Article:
Pub. L. 115-97, the 2017 tax act (officially, “An Act to provide for reconciliation pursuant to titles II and V of the concurrent resolution on the budget for fiscal year 2018”), was enacted on Dec. 22, 2017, and dramatically overhauled the Internal Revenue Code. Now that the dust has begun to settle, states are beginning the process of deciding whether to conform to federal tax reform. This task will require states to forecast the budgetary impact of the amendments and then pass legislation conforming to or decoupling from the changes.
The elimination and modification of deductions such as the personal exemption, mortgage interest deduction, and casualty loss deduction are likely to be revenue raisers for the states. On the other hand, changes to the standard deduction and the new pass-through entity deduction are likely to be revenue reducers, according to an article published by the National Conference of State Legislatures discussing the state impact of federal tax reform.
Recognizing the need to act quickly with respect to conformity, several states, including Colorado, Michigan, Minnesota, Missouri, Montana, Oregon, and North Dakota, have already made significant progress with respect to determining the impact that the tax changes will have on state revenues. These states, among others, have published analyses, with varying levels of detail, indicating the impact that tax reform will have in their jurisdictions.
Michigan Gov. Rick Snyder (R) released a statement and related graphic indicating that the repeal of the personal exemption would result in an $840 million tax increase in 2018 and upwards of $1.6 billion in 2019. The Minnesota Department of Revenue released a detailed preliminary estimate of revenue under the new tax regime that showed revenues increasing year over year in response to changes to the individual income tax. Missouri also released a fairly detailed analysis which indicated that changes to the standard deduction would reduce Missouri revenue by more than $516 million.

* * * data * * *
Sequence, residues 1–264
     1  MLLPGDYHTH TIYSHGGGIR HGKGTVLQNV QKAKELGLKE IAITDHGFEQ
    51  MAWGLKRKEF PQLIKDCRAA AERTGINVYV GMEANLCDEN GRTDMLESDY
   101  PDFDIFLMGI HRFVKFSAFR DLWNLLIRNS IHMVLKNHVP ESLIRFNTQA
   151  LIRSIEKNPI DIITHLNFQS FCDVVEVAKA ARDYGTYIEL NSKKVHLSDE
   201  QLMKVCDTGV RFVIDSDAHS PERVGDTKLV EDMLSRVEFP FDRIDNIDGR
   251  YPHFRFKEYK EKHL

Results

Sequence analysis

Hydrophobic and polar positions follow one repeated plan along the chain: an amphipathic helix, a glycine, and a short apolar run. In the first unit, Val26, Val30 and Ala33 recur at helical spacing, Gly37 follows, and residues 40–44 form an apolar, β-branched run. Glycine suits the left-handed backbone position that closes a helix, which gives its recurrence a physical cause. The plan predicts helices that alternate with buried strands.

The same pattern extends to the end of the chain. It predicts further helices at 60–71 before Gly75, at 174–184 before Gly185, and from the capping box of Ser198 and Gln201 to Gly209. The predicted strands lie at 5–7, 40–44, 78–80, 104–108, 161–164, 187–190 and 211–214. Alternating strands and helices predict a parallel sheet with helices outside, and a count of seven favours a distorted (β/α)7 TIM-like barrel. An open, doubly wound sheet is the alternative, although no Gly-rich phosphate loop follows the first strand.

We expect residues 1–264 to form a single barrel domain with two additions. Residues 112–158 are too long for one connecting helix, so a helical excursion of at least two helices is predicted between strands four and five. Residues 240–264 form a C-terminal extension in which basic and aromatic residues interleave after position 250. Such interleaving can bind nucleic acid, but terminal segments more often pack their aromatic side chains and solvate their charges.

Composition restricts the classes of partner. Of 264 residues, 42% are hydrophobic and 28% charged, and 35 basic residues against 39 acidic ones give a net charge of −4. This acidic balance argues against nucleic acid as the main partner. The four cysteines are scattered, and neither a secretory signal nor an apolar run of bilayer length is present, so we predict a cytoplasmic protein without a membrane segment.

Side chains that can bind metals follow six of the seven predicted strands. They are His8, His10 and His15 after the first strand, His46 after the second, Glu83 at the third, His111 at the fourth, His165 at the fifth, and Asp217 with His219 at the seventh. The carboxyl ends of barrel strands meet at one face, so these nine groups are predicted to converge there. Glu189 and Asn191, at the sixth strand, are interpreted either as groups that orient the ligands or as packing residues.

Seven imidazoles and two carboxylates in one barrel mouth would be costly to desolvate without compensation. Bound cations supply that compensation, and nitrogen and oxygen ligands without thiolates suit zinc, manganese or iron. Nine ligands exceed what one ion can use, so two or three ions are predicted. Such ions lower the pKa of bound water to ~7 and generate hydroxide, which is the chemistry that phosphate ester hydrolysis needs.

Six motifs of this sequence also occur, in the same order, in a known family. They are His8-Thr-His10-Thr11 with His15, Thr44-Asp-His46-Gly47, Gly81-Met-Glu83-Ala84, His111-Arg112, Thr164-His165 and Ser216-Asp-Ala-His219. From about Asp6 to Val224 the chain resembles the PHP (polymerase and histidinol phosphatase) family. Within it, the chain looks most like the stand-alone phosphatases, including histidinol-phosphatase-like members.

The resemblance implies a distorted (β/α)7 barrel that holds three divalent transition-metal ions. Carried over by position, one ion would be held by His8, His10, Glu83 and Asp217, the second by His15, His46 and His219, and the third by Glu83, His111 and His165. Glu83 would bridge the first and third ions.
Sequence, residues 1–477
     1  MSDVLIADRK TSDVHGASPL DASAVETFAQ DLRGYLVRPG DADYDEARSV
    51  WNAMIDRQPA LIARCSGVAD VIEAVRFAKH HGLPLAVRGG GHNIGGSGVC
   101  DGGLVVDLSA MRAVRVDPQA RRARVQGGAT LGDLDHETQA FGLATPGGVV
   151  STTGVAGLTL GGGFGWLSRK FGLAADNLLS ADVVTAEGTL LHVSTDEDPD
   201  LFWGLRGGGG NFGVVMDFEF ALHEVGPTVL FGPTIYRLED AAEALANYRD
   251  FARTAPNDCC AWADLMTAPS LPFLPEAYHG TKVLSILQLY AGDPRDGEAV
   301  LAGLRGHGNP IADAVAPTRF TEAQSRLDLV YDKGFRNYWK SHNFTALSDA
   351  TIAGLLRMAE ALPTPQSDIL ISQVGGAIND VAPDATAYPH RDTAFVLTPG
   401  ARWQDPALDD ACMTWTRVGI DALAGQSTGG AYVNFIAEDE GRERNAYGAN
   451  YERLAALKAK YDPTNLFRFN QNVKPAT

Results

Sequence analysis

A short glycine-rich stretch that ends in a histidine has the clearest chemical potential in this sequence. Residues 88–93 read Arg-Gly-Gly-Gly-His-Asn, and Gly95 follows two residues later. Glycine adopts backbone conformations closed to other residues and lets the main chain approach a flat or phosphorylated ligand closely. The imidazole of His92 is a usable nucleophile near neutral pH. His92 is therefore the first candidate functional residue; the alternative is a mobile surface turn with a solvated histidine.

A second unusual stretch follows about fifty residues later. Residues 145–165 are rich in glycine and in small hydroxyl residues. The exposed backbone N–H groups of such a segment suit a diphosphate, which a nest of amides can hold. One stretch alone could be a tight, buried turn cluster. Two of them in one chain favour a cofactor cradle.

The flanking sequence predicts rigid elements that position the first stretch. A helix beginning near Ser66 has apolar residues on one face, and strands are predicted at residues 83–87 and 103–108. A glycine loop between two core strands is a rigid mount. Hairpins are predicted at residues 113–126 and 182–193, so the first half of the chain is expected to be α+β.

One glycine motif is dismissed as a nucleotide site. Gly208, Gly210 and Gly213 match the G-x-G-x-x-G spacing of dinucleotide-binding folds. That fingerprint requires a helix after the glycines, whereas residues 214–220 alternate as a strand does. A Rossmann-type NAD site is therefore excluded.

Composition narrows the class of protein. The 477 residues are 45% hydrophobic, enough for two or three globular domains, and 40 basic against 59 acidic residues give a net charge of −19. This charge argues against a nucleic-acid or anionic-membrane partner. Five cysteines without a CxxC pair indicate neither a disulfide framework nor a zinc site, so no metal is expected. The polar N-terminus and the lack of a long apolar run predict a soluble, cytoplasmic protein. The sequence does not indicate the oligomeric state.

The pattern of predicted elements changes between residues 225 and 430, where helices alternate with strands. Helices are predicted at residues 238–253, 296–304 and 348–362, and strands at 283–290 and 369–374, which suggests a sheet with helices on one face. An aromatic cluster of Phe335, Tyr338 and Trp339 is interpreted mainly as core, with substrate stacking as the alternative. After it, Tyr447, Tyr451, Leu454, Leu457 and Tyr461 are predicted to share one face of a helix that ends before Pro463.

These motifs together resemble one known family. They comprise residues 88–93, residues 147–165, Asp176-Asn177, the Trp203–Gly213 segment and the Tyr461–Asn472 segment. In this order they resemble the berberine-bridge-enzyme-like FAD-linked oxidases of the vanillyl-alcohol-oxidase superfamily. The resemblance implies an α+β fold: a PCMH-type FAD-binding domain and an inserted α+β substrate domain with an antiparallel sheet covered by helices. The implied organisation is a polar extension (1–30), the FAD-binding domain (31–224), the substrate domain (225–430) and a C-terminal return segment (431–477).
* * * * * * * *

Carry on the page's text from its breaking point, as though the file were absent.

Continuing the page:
Several states have gone a step further by introducing legislation to lessen the impact of tax reform on residents. For example, California introduced S.B. 227, which would allow a credit against net tax for amounts contributed to the California Excellence Fund as a way to circumvent the new cap on the state and local tax (SALT) deduction. The cap on the SALT deduction also prompted law makers in New York to introduce S.B. 6951, which would lessen the blow on taxpayers by providing a credit equal to any increase in federal tax liability resulting from the $10,000 limitation.
Nearly every state legislature is scheduled to be in session during the beginning of 2018, according to the National Conference of State Legislatures 2018 Session Calendar. As a result, state reactions to federal tax reform will likely take center stage over the next few months.
For more information on the impact of Pub. L. No. 115-97, examine Bloomberg Tax’s Tax Reform Roadmap, showing detailed comparisons between pre-reform law and the impending changes, with pertinent cites attached.
Continue the discussion on Bloomberg BNA's State Tax Group on LinkedIn: How is your state likely to respond to federal tax reform?
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